5. Digital innovation.
The PBC decision to include big data and artificial intelligence in its monitoring process in order to detect and prevent financial risks is important. The recent announcement by Vice-Governor Fan Yifei from the PBC on the issuance of their own digital currency (digital cash) confirms China’s pioneering position.
New lending and payment methods offer opportunities but require a clear regulatory framework to avoid risks.
China’s financial authorities have generally been strong advocates of financial innovations, yet a loose regulatory framework was associated with a rise of risks.
One example is the fast rise of online micro-lending over the past years, which was fueled by a lack of regulation. Financial authorities issued new rules clarifying loan originators and conditions for loans in December 2017.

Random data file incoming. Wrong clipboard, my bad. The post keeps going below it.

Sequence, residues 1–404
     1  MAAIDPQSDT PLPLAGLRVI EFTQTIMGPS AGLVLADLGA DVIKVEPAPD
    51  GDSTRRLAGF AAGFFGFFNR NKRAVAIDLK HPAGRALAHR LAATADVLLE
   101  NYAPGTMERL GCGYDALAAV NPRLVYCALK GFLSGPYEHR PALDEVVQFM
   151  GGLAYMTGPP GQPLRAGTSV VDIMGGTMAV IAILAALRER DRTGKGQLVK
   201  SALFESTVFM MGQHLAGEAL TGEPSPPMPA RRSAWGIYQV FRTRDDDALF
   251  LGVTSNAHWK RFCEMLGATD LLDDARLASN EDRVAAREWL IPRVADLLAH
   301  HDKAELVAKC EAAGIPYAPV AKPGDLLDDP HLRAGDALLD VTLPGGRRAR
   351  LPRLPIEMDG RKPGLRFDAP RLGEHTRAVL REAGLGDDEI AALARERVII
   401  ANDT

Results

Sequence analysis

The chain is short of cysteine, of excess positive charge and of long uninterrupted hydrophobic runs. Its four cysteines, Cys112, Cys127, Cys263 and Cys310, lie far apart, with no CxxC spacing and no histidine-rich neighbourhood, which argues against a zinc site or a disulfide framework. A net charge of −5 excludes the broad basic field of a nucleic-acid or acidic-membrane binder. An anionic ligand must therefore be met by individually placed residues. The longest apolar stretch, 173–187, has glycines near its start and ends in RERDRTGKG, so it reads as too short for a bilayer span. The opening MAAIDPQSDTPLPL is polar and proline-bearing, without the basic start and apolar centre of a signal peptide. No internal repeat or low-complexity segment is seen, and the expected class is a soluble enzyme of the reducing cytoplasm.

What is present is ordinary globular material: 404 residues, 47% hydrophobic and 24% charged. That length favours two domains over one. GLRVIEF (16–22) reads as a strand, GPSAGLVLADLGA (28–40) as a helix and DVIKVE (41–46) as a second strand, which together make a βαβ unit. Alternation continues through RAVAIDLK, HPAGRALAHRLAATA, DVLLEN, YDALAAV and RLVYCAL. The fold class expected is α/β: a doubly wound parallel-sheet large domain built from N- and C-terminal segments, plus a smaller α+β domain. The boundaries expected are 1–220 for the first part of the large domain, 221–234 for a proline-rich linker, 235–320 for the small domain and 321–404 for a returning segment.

A cautious approach involving preliminary investigations and short-testing phases could be a key enabler for success.
6. State-of-the-art Asset and Liability Management (ALM).
With the introduction of the C-Ross capital regime and the new Asset and Liability Matching regulation in 2018, the Chinese regulators are moving in the right direction for establishing a more economic based steering framework for the insurance industry.
However, there is still a way to go for the whole industry to improve ALM capability, from mentality and corporate governance to processes and system infrastructure.